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Analysis of Poem "Alone" by Maya Angelou

Andrew has a keen interest in all aspects of poetry and writes extensively on the subject. His poems are published online and in print.

Maya Angelou

Maya Angelou

Maya Angelou and a Summary of Alone

Maya Angelou's "Alone" is a poem that deals with togetherness by placing emphasis on being alone; quite an irony. It is a lyrical "thinking out loud", a reflection on what it is to be a human and 'out here' in the big wide world.

On the one hand, it is a personal epiphany—an individual, the speaker, has decided that, for the good of her soul, she cannot be alone. To make it, she'll need to work with others. And on the other, it is a calling to society to come together as one.

Maya Angelou, originally a dancer, eventually turned her hand to poetry and writing and gained great success as a popular, strong voice for the oppressed and vulnerable people of the world. She became a well known civil rights pioneer.

Her work continues to inspire those who want to live in a world where equality, justice, and transparency apply to all, regardless of skin, creed or sexual orientation.

This poem was published in 1975 in her book Oh Pray My Wings Are Gonna Fit Me Well.

Alone

Lying, thinking
Last night
How to find my soul a home
Where water is not thirsty
And bread loaf is not stone
I came up with one thing
And I don't believe I'm wrong
That nobody,
But nobody
Can make it out here alone.

Alone, all alone
Nobody, but nobody
Can make it out here alone.

There are some millionaires
With money they can't use
Their wives run round like banshees
Their children sing the blues
They've got expensive doctors
To cure their hearts of stone.
But nobody
No, nobody
Can make it out here alone.

Alone, all alone
Nobody, but nobody
Can make it out here alone.

Now if you listen closely
I'll tell you what I know
Storm clouds are gathering
The wind is gonna blow
The race of man is suffering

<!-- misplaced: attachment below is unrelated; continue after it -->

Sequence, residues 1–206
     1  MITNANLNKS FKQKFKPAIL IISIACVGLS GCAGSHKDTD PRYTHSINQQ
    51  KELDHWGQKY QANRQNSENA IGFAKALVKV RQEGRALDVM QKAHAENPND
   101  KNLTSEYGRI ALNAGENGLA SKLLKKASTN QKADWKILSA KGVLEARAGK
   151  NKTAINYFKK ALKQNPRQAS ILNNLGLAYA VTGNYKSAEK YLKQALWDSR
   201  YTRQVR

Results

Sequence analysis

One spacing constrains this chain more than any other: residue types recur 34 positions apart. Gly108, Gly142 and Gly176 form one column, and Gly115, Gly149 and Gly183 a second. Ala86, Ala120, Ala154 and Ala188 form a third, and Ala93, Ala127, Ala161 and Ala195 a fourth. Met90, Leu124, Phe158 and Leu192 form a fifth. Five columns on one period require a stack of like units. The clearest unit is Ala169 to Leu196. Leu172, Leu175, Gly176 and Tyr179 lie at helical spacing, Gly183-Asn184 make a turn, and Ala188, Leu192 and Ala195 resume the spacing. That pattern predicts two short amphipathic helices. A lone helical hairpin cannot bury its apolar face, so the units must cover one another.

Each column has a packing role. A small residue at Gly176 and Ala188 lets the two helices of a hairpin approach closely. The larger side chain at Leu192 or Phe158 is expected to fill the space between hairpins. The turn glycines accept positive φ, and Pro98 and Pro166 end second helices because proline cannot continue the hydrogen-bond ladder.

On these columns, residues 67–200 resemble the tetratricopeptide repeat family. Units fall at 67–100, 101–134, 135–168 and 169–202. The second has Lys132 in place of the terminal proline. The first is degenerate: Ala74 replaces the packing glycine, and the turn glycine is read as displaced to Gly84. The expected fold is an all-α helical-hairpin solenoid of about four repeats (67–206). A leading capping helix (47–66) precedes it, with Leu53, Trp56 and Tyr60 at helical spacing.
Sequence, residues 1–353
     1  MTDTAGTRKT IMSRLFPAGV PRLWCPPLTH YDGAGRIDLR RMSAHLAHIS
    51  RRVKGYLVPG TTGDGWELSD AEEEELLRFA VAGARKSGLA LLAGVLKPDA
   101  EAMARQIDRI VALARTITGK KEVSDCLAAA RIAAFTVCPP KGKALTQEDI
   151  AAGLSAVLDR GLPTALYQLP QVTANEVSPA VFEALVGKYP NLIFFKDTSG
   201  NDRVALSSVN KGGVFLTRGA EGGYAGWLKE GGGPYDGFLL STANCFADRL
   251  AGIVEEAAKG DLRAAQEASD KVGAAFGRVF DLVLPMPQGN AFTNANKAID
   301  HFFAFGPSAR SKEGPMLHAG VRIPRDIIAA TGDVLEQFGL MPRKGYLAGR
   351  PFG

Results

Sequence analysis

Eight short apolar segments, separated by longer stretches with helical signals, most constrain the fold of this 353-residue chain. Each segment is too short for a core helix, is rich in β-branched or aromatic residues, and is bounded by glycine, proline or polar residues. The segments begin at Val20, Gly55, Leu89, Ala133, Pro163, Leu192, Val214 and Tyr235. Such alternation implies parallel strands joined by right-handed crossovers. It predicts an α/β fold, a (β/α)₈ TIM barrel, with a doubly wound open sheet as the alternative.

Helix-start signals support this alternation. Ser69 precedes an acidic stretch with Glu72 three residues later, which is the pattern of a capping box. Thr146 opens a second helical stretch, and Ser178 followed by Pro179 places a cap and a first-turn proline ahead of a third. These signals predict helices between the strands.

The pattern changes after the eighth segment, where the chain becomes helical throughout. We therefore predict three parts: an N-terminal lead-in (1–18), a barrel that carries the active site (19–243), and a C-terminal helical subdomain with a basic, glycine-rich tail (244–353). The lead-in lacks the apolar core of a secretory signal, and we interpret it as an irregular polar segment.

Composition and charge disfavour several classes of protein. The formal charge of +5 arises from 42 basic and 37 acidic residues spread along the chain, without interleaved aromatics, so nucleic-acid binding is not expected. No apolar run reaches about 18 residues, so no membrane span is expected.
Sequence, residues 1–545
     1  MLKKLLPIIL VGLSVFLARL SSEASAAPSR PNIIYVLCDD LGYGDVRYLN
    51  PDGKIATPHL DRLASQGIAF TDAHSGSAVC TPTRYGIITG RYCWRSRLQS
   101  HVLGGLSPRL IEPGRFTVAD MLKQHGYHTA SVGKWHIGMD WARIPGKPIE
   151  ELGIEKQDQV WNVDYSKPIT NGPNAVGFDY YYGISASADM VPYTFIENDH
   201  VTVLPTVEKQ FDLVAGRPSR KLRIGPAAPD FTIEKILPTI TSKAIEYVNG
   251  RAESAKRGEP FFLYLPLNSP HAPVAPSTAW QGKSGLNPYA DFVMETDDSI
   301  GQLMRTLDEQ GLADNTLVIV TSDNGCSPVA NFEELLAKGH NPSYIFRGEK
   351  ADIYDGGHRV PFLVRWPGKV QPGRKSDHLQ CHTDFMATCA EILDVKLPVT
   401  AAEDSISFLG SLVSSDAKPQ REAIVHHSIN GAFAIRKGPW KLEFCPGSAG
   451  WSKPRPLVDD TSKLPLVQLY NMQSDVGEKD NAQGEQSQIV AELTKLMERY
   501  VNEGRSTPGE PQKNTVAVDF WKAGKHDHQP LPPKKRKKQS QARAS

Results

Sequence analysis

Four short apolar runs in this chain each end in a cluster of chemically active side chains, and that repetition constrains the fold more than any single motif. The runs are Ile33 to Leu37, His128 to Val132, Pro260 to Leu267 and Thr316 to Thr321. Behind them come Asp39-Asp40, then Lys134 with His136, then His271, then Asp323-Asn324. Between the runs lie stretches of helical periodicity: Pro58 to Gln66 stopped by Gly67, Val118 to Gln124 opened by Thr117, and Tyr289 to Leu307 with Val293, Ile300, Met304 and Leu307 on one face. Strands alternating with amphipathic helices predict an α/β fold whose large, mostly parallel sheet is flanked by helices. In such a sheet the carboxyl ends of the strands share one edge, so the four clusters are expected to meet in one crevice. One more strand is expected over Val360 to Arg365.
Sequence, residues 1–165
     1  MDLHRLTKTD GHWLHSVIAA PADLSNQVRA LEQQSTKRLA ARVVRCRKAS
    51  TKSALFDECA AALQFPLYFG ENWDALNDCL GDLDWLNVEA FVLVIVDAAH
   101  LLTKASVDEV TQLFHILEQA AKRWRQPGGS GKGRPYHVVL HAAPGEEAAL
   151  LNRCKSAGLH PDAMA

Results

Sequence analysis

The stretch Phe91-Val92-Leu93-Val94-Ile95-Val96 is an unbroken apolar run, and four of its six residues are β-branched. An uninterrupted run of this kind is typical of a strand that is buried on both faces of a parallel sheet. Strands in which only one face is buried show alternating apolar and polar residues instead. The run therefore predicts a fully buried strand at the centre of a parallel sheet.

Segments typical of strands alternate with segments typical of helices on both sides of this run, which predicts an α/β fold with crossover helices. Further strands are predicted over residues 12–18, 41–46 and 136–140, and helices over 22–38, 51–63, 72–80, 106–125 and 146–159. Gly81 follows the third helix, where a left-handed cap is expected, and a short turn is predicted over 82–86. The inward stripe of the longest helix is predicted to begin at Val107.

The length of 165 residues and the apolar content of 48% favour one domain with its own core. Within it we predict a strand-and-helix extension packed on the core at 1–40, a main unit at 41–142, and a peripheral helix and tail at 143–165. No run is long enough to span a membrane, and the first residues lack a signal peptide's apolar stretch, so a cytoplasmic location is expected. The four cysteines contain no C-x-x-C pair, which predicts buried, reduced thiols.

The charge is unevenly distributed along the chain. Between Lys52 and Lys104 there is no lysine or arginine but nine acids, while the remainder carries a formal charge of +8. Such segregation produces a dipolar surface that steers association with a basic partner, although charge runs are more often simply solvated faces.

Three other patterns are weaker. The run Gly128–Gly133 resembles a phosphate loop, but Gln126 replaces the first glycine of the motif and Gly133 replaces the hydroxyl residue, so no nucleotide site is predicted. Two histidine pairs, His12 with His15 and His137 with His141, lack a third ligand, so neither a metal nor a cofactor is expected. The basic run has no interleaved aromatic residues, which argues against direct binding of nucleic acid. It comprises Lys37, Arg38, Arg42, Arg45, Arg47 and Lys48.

And I can hear the moan,
'Cause nobody,
But nobody
Can make it out here alone.

Alone, all alone
Nobody, but nobody
Can make it out here alone.

Stanza-by-Stanza Analysis

"Alone" is a free verse poem—there is no set rhyme scheme or meter (metre in British English). It sits on the page somewhat like a song lyric and has been set to music, its repetitive yet loose structure being helpful in this respect.

The poem also has its roots in the bible and relates to the idea that material possessions won't help in the long run, and that the 'rat-race' is leading humankind away from spirituality.

Overall it is a serious poem, solemn, echoing a voice in the wilderness. The long vowels dominate: soul, home, loaf, stone, alone, nobody, storm, blow, moan, closely.

Stanza 1

The reader is taken into the mind of the speaker in the very first line and it soon becomes apparent that, after some reflection, the speaker has come to quite a profound conclusion. Nobody can make it in the world alone.

Note the biblical allusions: from John 4:14 in the new testament - Christ meets a woman at a well and says to her - 'Everyone who drinks of this water shall thirst again but whoever drinks the water I give them will never thirst. Indeed, the water I give them will become in them a spring of water welling up to eternal life.'

And again, from Matthew 4:3: And the tempter came and said to him, “If you are the Son of God, command these stones to become loaves of bread.”

So the speaker is suggesting that this home will be a spiritual place, that she will be nourished once she finds this home. It is the one thing she is certain about - if she is to make it and be spiritually wholesome (again) she will need the company of others.

The use of the term out here is a little ambiguous. Is this, generally speaking, the big wide world? A specific remote place geographically? Perhaps she is feeling remote from other people?

Stanza 2

This is a kind of refrain, a near repeat of the last three lines of the previous stanza. Why repeat? Well, this places much more emphasis on the idea that nobody is an island, that nobody will survive by being alone.

Stanza 3

Leaving the personal epiphany of the opening lines, the speaker introduces the idea that wealth alone cannot bring spiritual wellbeing and happiness. Having too much money only isolates people further.

The word banshee comes from Irish mythology and is usually a female spirit entity who warns other family members of impending doom and death but in this specific poem means a wild and restless, wailing and screaming type of person.

In short, you can have all the money in the world, but you may still lose your soul.

Stanza 4

Again, a repeat chorus.

Stanza 5

The reader is urged to listen closely because the speaker has something important to say about the state of society and the suffering of the human race. There is a kind of apocalyptic feel to the lines, as if something awful is about to happen, or is already happening.

The call for togetherness is heard again. Metaphorical storms are brewing, human souls have to work together for the common good of all.

Stanza 6

The repeated message, the same refrain underlining all that has gone on before.

Sources

Black Poets of the United States, Jean Wagner, Uni of Illinois, 1973

www.poetryfoundation.org


© 2017 Andrew Spacey

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